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This year’s theme is crucial to the role science plays in dealing with structural racism, a worldwide pandemic, and the inequities in terms of access to care for so many people.
We are pleased to present this Q&A with Philip R. Muskin, MD, a former Secretary of the American Psychiatric Association (APA), chair of the Scientific Program Committee for the 2020 APA Meeting, Professor of Psychiatry at Columbia University Irving Medical Center, and editorial board member of Psychiatric TimesTM.
Psychiatric Times (PT): This year’s theme for the 2021 APA Annual Meeting is Finding Equity Through Advances in Mind and Brain in Unsettled Times, can you tell us about that?
Muskin: APA President Dr Jeffery Geller has selected a theme crucial to the role science plays in dealing with structural racism, a worldwide pandemic, and the inequities in terms of access to care for so many people.
PT: You will be speaking or moderating several sessions this year. Can you summarize the objectives of each and what excites you about sharing with attendees?
Muskin: Yes, I would be happy to.
Here’s Your Hat, What’s Your Hurry: Career Transitions in Academic Psychiatry: This session addresses the oft ignored issues of how we cope with planned and unplanned changes in our psychiatric careers, including the challenges of practicing psychiatry in during the pandemic. I am joined by 2 wonderful colleagues, Drs Sherry Katz-Bearnot and Linda Worley, who will use their own careers to illustrate career transitions.
Treatment of Severe Obsessive-Compulsive and Related Disorders: What Do You Do If First-Line Treatments Don’t Work? Chaired by Dr Katherine Phillips, this session will enable participants to more effectively treat these conditions, especially in patients who are more severely ill and who may not fully improve with first-line treatments.
The obsessive-compulsive and related disorders (OCRDs)—OCD, body dysmorphic disorder (BDD), hoarding disorder, trichotillomania, and excoriation (skin-picking) disorder—are a new chapter of disorders in both DSM-5 and ICD-11. They are common conditions that typically impair psychosocial functioning and quality of life, sometimes to a debilitating degree. Several of them are associated with elevated rates of suicidality.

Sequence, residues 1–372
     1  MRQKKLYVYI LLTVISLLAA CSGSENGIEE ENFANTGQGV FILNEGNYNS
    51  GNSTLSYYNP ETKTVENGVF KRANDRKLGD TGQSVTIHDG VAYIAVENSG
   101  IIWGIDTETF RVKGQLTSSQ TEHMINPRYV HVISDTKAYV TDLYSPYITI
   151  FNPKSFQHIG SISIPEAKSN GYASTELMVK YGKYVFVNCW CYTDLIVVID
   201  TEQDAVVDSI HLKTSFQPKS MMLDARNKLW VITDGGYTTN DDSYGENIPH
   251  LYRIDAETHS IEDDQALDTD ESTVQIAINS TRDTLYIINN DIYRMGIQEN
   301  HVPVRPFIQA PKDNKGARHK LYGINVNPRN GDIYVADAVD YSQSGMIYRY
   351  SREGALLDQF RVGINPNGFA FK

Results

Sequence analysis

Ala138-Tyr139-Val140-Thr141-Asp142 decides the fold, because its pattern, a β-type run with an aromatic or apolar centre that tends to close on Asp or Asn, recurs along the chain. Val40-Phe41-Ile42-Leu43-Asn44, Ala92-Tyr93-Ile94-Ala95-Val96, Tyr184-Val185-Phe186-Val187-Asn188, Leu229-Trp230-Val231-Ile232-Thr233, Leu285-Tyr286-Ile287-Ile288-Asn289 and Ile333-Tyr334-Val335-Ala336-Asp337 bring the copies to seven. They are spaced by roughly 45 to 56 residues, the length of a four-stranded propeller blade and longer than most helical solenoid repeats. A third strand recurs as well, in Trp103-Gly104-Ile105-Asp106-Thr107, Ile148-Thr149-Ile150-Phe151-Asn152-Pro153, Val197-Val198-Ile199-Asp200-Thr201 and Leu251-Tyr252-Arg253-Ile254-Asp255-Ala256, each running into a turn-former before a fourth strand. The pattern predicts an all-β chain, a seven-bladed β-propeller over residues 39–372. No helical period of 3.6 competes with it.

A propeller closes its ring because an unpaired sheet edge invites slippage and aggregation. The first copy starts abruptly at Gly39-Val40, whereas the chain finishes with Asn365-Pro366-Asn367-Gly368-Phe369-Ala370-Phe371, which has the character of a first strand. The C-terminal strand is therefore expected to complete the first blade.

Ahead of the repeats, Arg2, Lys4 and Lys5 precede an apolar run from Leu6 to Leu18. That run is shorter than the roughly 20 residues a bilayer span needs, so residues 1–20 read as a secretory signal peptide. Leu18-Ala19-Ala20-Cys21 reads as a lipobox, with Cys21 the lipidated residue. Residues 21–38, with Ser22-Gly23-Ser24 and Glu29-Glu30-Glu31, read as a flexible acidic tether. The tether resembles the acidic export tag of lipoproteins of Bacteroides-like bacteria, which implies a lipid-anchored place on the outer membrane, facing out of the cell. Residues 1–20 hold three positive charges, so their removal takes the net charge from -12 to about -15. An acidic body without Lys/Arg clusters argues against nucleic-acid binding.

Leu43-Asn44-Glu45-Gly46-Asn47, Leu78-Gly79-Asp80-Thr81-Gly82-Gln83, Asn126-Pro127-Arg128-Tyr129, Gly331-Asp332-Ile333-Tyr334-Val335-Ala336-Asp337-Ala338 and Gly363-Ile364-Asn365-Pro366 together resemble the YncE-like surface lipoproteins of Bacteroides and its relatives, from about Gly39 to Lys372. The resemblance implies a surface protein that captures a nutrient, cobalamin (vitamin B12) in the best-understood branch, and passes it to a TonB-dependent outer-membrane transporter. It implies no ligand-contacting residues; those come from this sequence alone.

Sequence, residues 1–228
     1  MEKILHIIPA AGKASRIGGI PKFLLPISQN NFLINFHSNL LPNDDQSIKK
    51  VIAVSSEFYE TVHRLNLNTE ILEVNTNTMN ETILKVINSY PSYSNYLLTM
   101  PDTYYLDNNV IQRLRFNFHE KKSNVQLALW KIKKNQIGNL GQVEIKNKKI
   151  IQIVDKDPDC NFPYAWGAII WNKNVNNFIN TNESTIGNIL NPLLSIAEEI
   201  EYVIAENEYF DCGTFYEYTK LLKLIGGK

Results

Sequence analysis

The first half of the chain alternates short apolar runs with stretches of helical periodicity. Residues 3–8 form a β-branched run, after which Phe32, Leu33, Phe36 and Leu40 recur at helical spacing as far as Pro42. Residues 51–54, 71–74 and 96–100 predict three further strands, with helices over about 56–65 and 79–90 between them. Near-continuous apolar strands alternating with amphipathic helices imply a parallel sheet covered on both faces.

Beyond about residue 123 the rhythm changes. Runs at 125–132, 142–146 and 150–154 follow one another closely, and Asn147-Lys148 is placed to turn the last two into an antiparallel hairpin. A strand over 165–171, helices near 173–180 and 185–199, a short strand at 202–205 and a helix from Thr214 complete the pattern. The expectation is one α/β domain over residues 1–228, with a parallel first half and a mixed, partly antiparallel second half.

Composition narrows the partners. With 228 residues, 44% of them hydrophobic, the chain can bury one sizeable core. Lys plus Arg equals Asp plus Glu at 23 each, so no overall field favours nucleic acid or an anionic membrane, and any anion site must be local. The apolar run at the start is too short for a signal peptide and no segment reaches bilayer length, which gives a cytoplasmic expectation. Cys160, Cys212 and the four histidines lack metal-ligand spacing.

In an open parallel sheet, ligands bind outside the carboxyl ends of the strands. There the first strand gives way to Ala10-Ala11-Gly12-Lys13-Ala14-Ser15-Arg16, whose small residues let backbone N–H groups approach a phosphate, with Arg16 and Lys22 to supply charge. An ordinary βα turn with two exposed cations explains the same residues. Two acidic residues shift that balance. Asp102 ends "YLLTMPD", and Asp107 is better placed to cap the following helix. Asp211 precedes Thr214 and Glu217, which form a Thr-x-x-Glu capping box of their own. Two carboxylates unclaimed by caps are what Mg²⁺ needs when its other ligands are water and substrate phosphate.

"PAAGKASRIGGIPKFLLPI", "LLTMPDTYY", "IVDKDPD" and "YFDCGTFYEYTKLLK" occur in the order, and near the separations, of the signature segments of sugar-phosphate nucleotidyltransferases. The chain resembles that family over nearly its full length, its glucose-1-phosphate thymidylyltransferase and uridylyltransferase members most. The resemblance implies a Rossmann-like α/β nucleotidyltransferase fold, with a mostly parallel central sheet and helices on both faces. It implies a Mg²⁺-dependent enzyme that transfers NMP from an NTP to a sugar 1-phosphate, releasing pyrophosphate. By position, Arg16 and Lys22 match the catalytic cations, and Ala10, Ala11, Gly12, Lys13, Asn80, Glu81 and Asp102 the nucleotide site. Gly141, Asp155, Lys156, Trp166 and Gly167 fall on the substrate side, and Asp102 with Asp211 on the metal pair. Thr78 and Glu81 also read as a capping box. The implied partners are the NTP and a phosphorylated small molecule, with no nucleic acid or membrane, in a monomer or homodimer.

Mental Health Research in the Era of Competing Crises: Presented by Dr Joshua Gordon, director of the NIMH, who will detail the research approach taken by the National Institute of Mental Health, in collaboration with other NIH institutes, in response to the events of 2020 that will inform the mental health response over the coming months.
Educating and Supporting the Mental Health Workforce: This session is chaired by Dr Anita Everett and Umberto Carvalho, MPH, to present how Substance Abuse and Mental Health Services Administration (SAMHSA) supports initiatives that provide ongoing, free support of the workforce that can be useful to junior and senior clinicians. Educating and supporting the mental health workforce is a challenge that has only increased as the “workforce shrinks” and new methods are required by the “new normal.” This session will provide an overview of the resources available and highlight 2 centers: The Mental Health Technology Transfer Centers and SMI Adviser.
PT: What aspects of the conference are you looking forward to this year?
Muskin: It is particularly exciting that Dr Anthony Fauci, Isabel Wilkerson, and Dr Robert Sapolsky are participating.
Dr Fauci is the long-time chief of the National Institute of Allergy and Infectious Diseases (NIAID) Laboratory of Immunoregulation. He is regarded as one of the world’s most-cited biomedical scientists and was one of the principal architects of the President’s Emergency Plan for AIDS Relief.
Isabel Wilkerson won the Pulitzer Prize for her work as Chicago Bureau Chief of The New York Times in 1994, making her the first Black woman in the history of American journalism to win a Pulitzer Prize and the first African American to win for individual reporting in the history of American journalism.
Dr Sapolsky is the author of several works of nonfiction; professor of biology and neurology at Stanford University; and the recipient of the MacArthur Foundation Genius Grant.
PT: What are the most serious issues covered and why should psychiatrists stay informed about the topics presented this year?
Muskin: The meeting covers the entire scope of psychiatry, which is remarkable. Attendees will have the opportunity to focus on any issue of diagnosis, ethics, psychotherapy, psychopharmacology, and the cutting edge of psychiatric research.
PT: What is different this year from last year’s meeting?
Muskin: This is the first truly virtual full APA meeting. The Spring Highlights meeting in 2020 was a great introduction to virtual meetings. This year the Scientific Program Committee and the Office of the Scientific Program were truly able to prepare for a virtual meeting.
We literally reviewed thousands of submissions. Attendees can access the presentations for 24 hours, which means you can attend more than a full day of content, which is not possible in a live meeting. The downside is not being able to meet with colleagues. I am hopeful that the APAAM in 2022 will be an in-person meeting and we can all get together again.
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